What Does Science Say about Grains for Dogs?
Posted by email@example.com (Lindsay Rubin) on November 16, 2016 0 Comments
With the grain-free pet food market making up nearly 30% of the foods in the US market and racking up $2.2 billion in sales, this trendy diet has become a common household name among dog parents who want the best for their pups. We decided to dive in to the research behind grain-free diets for dogs: Can dogs digest and thrive on grains? Are dogs allergic to grains? Are all grains unhealthy for dogs?
For starters, one of the biggest misconception among dog lovers is the idea that dogs are carnivores. According to a study by the University of Maine, "The dog is a subspecies of the grey wolf as Canis lupus familiaris, and classified in the order as Carnivora. Despite public belief, the dog is in fact not a true carnivore; the dog is an indifferent omnivore...This means that dogs have carnivorous traits with sharp teeth and meat drive, but also have the omnivore digestive traits with an ability to break down carbohydrate feeds."
Through evolution, dogs gained the ability to digest and utilize starch 28 time more effectively than wolves through the AM2BY gene.
"Some dogs do benefit from grain-free diets, but definitely not to the magnitude the pet food industry would lead you to believe."
-Dr. Donna Solomon, a veterinarian in Chicago in the Huffington Post.
Dr. Solomon continues, "Is it true that dogs are not designed to eat grains? No, dogs can digest grains. Your pet dog is not genetically equivalent to the ancient wolf that he arose from. The precise timing and location of this transformation is unknown but it is speculated to have occurred over tens of thousands of years ago...10 key genes have been identified that demonstrate our domesticated dogs’ increased ability to digest starch and fat relative to his ancient predecessor, the wolf."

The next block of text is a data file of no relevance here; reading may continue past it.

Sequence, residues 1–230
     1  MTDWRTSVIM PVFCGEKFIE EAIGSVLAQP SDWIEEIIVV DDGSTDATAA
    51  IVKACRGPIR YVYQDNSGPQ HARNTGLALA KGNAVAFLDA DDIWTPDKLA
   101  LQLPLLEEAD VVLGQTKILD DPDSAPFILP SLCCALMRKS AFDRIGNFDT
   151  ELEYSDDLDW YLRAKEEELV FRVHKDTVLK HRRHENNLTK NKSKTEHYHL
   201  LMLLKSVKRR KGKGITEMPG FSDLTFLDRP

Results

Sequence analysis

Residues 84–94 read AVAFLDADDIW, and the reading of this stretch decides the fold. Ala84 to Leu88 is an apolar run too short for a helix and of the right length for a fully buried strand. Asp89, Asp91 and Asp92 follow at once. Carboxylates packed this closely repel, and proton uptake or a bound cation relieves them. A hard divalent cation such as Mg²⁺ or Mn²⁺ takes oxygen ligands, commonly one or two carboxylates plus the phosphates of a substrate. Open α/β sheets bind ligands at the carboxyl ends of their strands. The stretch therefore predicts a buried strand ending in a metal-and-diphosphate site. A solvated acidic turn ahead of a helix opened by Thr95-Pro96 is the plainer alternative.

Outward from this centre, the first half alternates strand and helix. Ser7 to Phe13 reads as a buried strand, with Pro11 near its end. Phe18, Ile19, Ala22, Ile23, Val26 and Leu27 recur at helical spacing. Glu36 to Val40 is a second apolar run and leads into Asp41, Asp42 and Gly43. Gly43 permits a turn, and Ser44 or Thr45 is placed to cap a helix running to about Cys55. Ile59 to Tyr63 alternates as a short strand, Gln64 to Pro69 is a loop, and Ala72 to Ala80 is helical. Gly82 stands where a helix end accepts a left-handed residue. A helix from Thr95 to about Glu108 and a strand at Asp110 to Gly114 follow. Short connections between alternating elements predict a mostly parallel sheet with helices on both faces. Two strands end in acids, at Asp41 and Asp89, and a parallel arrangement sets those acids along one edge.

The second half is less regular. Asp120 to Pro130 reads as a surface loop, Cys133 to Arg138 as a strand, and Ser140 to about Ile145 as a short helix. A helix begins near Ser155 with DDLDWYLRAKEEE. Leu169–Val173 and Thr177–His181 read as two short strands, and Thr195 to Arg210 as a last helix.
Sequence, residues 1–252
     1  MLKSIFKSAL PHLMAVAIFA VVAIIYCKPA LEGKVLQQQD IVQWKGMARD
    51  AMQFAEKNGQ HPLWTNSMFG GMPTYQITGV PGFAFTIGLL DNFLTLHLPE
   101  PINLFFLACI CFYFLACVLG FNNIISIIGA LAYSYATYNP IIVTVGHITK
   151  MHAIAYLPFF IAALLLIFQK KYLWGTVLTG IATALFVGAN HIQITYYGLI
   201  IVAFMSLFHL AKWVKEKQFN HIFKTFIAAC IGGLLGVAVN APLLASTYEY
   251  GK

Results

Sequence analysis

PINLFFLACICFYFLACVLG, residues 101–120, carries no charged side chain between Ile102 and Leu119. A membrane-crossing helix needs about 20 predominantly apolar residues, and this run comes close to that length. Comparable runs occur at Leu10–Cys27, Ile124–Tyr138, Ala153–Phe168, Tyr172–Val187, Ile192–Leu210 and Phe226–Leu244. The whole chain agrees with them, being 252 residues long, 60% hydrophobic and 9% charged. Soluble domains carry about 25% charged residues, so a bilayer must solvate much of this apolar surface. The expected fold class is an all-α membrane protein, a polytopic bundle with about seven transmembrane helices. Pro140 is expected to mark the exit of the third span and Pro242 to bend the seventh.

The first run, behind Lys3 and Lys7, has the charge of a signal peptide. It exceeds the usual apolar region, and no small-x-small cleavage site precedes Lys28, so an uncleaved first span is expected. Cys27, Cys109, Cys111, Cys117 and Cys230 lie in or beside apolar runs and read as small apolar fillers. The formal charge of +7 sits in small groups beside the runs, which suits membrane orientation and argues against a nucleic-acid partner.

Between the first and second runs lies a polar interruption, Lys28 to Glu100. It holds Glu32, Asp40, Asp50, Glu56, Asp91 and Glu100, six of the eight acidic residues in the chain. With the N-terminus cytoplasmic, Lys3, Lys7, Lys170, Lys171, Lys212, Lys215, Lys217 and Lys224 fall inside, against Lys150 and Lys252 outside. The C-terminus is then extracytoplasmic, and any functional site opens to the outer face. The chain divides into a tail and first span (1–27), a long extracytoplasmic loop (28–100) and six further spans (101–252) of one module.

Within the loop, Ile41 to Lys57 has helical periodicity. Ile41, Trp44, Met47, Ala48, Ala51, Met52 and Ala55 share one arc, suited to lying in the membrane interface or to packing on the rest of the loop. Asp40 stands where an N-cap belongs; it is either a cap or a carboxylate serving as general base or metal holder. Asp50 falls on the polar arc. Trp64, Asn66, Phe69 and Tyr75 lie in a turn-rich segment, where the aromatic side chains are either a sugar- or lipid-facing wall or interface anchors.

That same research above out of the University of Maine found that feeding a grain-free diet can be harmful to dogs when coupled with a high-protein diet. "Feeding a dog a high protein diet that is high in fat causes long term effects, such as harm to the kidneys due to being over worked and not being able to flush out enough urea in the system...Labels that read ‘grain-free’ are more harmful to the dog and should not be given unless required for other specific needs."
The study found that some dogs can experience allergic reaction to grains, but ultimately, it is up to the pet's parents to decide what is best for their individual dog. "Grains have been used as an energy source in feed, but can sometimes, act as an allergen. Pet owners should know whether a diet containing grain or a grain free diet is more helpful to the overall health of their dog. "
Overall, it's important to tailor your dog's diet to their personal needs instead of ascribing to a popular diet that is ideal for some, but not all dogs. If your pup is one of the coutnlessof itchy, allergy-prone dogs with tummy troubles, hot spots, or other allergic reactions to food, we recommend you check out our "Allergies" page - full of dogs of all shapes, sizes and ages thriving on plant-based dog kibble with healthy grains.
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V-dog contains 100% balanced plant-based nutrition for your pup. Our products are expertly formulated, veterinarian recommended and meet/exceed all AAFCO standards. Since our formula is highly-digestible, we've seen countless itchy, allergic dogs experience complete turnarounds on our kibble. Read thier stories here or learn more about v-dog on our FAQ page!